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High Levels Of E. Coli Prompt Park Lake Beach Closure

McKoy Scribner

If you’re heading to Park Lake Beach in Bath Township, you’ll be met with a sign that says "beach closed, unsafe for swimming." 


When water testing results following a second week of monitoring for E. coli were higher than first reported, Bath Township, in conjunction with the Mid-Michigan District Health Department, decided to close the beach swimming area indefinitely. 


If levels of E. coli exceed 300 per 100 millimeters of water, it can cause an advisory or beach closure. 


The daily average for weeks 1 and 2 of testing at Park Lake Beach were 443.3 per 100 millimeters and 756.3 per 100 millimeters of water. 


MMDHD Environmental Health Director Liz Braddock says within the first few weeks of testing they realized there was an E. coli issue.  


“We’re not saying that the entire lake has E. coli, we’re just saying that the portion of the beach that is used as recreation water for swimming is a concern to us.”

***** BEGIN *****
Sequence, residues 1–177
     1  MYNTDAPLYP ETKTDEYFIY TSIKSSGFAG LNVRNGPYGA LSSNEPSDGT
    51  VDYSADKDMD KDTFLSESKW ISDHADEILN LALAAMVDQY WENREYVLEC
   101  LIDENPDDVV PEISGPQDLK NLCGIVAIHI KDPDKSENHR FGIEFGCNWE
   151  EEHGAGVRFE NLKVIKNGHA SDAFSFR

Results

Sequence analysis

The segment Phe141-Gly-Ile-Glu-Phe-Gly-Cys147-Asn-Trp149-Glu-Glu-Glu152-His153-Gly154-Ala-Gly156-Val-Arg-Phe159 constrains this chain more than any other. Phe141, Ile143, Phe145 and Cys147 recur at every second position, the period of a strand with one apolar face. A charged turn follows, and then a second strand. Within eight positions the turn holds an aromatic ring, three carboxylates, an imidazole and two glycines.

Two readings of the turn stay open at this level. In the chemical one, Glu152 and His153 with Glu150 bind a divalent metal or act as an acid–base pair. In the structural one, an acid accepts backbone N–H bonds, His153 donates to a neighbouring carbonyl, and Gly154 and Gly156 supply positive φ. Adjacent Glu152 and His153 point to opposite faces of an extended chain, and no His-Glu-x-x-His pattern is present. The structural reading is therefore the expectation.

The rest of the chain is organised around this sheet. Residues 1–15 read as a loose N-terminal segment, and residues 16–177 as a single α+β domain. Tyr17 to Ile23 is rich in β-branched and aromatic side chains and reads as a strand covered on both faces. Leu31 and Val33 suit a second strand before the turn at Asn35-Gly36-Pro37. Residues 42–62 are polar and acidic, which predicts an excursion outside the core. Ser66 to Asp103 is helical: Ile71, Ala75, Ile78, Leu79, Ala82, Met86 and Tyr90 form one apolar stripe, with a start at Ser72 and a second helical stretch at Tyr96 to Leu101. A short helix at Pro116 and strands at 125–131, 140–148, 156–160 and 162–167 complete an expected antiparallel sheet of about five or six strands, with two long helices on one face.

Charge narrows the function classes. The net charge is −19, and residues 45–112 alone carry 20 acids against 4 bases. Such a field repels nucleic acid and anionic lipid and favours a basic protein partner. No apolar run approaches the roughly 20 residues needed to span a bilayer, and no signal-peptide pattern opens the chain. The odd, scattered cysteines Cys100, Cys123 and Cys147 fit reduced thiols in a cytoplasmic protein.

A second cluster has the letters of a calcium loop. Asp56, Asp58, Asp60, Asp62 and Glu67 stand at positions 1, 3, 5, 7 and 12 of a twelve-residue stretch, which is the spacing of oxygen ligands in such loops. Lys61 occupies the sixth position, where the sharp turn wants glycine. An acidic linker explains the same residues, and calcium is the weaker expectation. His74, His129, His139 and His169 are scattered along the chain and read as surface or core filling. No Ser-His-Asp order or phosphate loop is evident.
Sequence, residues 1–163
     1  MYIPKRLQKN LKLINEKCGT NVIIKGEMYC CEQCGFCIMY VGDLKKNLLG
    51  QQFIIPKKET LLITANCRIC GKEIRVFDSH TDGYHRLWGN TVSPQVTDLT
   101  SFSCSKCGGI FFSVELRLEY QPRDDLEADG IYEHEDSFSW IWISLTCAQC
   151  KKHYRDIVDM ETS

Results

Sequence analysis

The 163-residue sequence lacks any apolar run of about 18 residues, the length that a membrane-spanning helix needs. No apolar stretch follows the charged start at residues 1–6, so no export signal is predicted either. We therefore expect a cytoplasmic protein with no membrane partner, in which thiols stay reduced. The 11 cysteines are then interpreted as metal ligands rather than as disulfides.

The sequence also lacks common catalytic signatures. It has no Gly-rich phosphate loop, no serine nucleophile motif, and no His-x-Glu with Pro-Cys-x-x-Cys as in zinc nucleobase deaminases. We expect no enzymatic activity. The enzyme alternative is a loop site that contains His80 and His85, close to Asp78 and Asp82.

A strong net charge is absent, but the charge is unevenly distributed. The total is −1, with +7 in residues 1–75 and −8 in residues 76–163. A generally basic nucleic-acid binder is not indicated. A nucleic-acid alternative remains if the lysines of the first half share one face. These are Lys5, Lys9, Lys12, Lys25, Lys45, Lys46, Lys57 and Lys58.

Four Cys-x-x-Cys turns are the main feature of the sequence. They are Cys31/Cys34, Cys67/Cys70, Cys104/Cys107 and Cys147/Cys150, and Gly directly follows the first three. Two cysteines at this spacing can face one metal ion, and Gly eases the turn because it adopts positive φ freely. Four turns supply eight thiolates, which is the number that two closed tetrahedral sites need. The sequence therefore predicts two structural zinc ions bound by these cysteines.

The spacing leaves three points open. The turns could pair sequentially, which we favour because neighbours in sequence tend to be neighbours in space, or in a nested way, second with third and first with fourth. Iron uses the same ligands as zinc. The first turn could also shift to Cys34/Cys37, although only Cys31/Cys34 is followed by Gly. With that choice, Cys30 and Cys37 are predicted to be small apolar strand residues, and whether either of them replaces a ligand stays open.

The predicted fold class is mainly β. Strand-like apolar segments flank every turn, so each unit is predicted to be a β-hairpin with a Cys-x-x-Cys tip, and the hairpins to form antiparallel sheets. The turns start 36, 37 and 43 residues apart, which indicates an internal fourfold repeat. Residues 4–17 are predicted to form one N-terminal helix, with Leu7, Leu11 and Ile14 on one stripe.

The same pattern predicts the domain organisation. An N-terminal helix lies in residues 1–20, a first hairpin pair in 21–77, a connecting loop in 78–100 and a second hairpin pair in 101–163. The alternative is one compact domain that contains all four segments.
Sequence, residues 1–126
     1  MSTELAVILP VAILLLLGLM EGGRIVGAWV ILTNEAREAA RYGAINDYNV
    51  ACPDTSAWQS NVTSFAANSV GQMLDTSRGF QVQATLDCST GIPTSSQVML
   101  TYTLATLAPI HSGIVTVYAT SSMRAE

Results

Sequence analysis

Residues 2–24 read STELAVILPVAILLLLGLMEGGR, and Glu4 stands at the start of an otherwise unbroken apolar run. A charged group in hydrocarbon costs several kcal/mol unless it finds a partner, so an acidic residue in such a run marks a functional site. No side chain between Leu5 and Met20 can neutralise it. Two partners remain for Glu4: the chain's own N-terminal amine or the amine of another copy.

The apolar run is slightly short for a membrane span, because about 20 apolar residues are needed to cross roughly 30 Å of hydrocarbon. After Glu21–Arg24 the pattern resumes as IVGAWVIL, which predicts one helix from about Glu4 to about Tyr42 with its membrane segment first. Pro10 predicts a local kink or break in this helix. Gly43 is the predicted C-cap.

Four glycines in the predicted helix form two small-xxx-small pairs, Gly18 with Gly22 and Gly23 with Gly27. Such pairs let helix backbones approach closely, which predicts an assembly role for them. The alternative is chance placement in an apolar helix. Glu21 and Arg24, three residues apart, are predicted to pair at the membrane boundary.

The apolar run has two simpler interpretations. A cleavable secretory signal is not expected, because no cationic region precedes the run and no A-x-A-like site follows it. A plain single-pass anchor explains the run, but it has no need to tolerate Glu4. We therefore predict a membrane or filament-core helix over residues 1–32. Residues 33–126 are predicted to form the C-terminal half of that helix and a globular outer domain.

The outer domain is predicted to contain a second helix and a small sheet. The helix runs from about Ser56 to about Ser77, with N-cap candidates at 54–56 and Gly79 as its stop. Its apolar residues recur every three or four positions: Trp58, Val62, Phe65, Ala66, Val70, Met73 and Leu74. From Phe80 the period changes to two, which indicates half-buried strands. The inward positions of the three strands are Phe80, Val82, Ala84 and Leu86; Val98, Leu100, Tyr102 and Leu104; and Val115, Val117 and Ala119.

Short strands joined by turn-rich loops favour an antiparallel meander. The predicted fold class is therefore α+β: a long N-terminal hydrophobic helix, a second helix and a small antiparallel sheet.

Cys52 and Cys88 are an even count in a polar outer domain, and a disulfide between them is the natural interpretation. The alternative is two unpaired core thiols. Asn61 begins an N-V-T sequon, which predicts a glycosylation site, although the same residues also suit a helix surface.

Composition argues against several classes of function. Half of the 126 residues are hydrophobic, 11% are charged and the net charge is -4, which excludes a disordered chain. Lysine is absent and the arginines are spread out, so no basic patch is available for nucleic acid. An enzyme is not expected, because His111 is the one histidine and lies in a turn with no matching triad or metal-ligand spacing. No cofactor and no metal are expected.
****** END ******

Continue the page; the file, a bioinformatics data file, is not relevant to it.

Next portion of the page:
Although the contamination source at the beach is not yet known, the bacteria itself originates from feces. 


Braddock says wildlife like geese like to visit and create habitats near the beach. Due to recent rain, runoff is coming from the grassy areas where they congregate into the beach, which could be a contributing factor.  


Braddock also says her team is doing source tracking through a laboratory to help identify the source of the contamination.


“So we are looking for source tracking of the samples which is a long-term project and we may get the results back at the end of the summer.”


This week, Braddock says her team will take some water samples at other locations on the lake to see if they have a lower baseline bacteria level.


Results are collected and can be found at BeachGuard


Bath Township and the Mid-Michigan District Health Department are warning the public not to swim at this time until E. coli levels decrease. 


McKoy's story is brought to you as part of a partnership between WKAR and Michigan State University's Knight Center for Environmental Journalism. 



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